‘WE’RE PREPARED TO OCCUPY TO KEEP THIS HOSPITAL OPEN’ – Council of Action secretary Bill Rogers tells Chase Farm rally

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The North East London Council of Action banner leading the march to keep Chase Farm Hospital open
The North East London Council of Action banner leading the march to keep Chase Farm Hospital open

UP TO 3,000 workers and youth marched behind the banner of the North East London Council of Action through Enfield on Saturday, demanding that Chase Farm Hospital remain open.

The determined demonstrators assembled in Enfield, before marching through the town centre to Chase Farm, with people cheering and joining in all along the route, from mothers pushing prams to elderly people – even some disabled people took part.

Banners on the march included: North East London Council of Action, Maternity Chase Farm Hospital, All Trades Unions Alliance, Barnet Local Government UNISON, Save Chase Farm – Stop Hospital Cuts, Keep Our NHS Public and the banner of the Chagos Islanders Community Association.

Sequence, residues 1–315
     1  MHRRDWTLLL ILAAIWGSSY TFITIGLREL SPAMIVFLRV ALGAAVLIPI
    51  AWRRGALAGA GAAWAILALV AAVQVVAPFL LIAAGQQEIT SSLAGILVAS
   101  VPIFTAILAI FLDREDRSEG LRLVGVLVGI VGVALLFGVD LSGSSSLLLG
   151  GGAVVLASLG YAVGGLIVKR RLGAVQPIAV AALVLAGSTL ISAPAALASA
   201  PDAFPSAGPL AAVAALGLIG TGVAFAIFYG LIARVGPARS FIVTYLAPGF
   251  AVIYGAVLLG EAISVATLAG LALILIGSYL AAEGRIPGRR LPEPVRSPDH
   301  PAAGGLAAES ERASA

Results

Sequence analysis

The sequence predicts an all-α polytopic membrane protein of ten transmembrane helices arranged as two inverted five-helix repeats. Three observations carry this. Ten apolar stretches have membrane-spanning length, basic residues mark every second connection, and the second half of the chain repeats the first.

All through the march there were loud shouts of: ‘One, two, three – save our A&E!’, ‘This is your local hospital – come and join our march!’, ‘Hands off A&E! Hands of Maternity! Hands off the Children’s Wards! Hands off our Hospitals!’, ‘Defend the NHS – save Chase Farm!’, ‘Defend the free health service!’, ‘No cuts, no closures – defend the NHS!’, ‘Defend Chase Farm – Save our hospital!’, ‘Defend our hospitals – kick out the privateers!’, ‘No polyclinics – keep Chase Farm open!’, ‘Occupy Chase Farm – stop the closures!’, ‘Defend the NHS – kick the government out!’